PM. How do you think hydrologists should innovate for accurate predictions and estimates in view of the increasing frequency/intensities of extreme events? Do our models still hold up to the challenge?

AV. Hydrologists are producing innovative research (as they have always done). They are including processes into flood frequency analysis that are subject to change under climate change. They have a long history of accounting for uncertainty in their estimation (and often being able to see that we do not know is better than pretending to know about the probability of extreme events). There is still a lot to do but one fundamental step that is still missing is how to move from science to practice. How to come up with methods (and recommendations) that account for the change that can be useful to society. And how to account for uncertainty in decision-making, i.e. how to guide practitioners to use that “knowledge”.

PM. In the EGU Autumn 2021 elections you have been elected new EGU HS President. On which aspect of the overall EGU HS structure and initiatives would you like to focus? Do you already have some plans in mind?

AV. Some time has passed already. In April it will become true and I will have to take on the responsibilities of Helena. I really hope she will help me because it will be hard to keep the bar as high as she kept (e.g., considering the extremely difficult times in which she served as President). As HS President, I will try to work towards improving the effectiveness of the hybrid format of the General Assembly, keeping in mind the community-building perspective that must guide the Union, promoting a more complete engagement of participants. I would also like to contribute to strengthening the present ties with other societies, particularly IAHS, as an additional way to forge an even stronger community of hydrologists on a global scale.

PM. Can you be more specific? How do you think EGU can best balance accessibility to the EGU with face-to-face interactions? Are hybrid conferences here to stay?

AV. Starting from the latter: yes, hybrid conferences are here to stay. In fact, for many reasons, EGU was planning to eventually go hybrid before COVID, which just accelerated the process. In the coming GA, we are trying to offer the best possible experience both on-site and online, making presentations and PICOs 100% hybrid. Hybrid posters are still a challenge though, and on-site and virtual posters will be unfortunately not fully integrated in a hybrid way.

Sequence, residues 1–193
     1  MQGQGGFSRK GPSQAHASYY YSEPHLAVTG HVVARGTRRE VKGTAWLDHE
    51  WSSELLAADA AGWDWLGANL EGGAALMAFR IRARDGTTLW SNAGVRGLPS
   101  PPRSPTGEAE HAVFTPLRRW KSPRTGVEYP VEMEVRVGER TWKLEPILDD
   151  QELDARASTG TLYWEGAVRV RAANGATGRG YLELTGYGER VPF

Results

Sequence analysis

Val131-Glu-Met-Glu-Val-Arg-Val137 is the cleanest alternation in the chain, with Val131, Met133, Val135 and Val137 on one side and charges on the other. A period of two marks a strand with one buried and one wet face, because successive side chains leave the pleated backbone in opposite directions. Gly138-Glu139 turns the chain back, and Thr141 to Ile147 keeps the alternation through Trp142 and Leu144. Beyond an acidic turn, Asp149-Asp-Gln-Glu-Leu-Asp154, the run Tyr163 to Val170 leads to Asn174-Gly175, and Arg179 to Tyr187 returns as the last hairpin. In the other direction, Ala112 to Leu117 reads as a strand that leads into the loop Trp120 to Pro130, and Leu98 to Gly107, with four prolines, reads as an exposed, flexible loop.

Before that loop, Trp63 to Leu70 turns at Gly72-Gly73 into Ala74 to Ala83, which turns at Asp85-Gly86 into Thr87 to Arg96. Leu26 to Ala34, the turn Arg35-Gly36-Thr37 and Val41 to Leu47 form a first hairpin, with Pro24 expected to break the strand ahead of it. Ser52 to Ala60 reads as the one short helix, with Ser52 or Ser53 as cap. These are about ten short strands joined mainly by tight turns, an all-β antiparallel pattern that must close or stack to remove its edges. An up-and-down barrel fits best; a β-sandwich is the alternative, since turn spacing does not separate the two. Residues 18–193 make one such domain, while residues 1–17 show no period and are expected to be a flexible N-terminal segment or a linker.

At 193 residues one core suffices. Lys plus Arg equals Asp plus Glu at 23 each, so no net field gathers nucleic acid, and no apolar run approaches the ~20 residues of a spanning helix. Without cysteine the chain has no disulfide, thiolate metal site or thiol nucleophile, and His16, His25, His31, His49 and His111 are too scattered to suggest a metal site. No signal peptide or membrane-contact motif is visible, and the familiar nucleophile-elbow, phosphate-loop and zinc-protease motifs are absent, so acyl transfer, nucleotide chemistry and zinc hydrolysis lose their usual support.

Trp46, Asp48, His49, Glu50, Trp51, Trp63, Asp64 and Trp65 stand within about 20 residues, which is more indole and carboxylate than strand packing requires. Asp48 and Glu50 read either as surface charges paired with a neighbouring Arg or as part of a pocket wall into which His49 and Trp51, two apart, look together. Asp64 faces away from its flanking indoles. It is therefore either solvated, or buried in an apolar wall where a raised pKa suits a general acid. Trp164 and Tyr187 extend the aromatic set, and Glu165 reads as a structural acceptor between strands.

But hey… this year posters are re-introduced! We believe they are key for face-to-face interactions (your first question). And they are valuable for early-career scientists who are searching for feedback and for network building. Also other activities planned for EGU2023 will help that (networking pop-up events, short courses, etc.), hopefully both for on-site and online attendees.

PM. What are the avenues for early career hydrologists to engage with EGU HS Division?

AV. Many. Propose sessions (in autumn) and participate in the SD meetings (contact the SD chairs, https://www.egu.eu/hs/structure/). And engage with the ECS representatives for HS (btw they are now searching for a new representative, see the HS blog, https://blogs.egu.eu/divisions/hs/2023/02/15/ecs_rep_call_for_applications/). They are very actively organizing events and trying to better link early career scientists with the “experienced” ones.

PM. What advice do you have for early career hydrologists?

AV. Starting from my experience, being fundamentally a shy person, big conferences scared (and still scare) me. I felt intimidated by the big audiences and the big professors. I was insecure but I still am and I know that many “experienced” participants are. The point is, I (and many others) are not that different from you early career scientists. So, don’t consider yourself as different (and less important) from the rest of the community of hydrologists. Don’t be intimidated. We are all together studying and working in a fascinating and complex field and everybody is still “young” and with plenty of things to discover and learn (together). That’s the nice thing about research, isn’t it?


Merz, R., and Blöschl, G. (2008a). Flood frequency hydrology: 1. Temporal, spatial, and causal expansion of information, Water Resour. Res., 44, W08432, doi:10.1029/2007WR006744.

Merz, R., and Blöschl, G. (2008b). Flood frequency hydrology: 2. Combining data evidence, Water Resour. Res., 44, W08433, doi:10.1029/2007WR006745.

Viglione, A., Merz, R., Salinas, J. L., and Blöschl, G. (2013). Flood frequency hydrology: 3. A Bayesian analysis, Water Resour. Res., 49, doi:10.1029/2011WR010782.

About the author

Paola Mazzoglio is a Research Assistant at Politecnico di Torino working on geographically-based approaches to the statistical analysis of rainfall extremes. She is also a teaching assistant at the same university. Paola is a member of the Blog Committee as part of the Young Hydrologic Society (YHS) board (2022-2023). Correspondence to paola.mazzoglio@polito.it.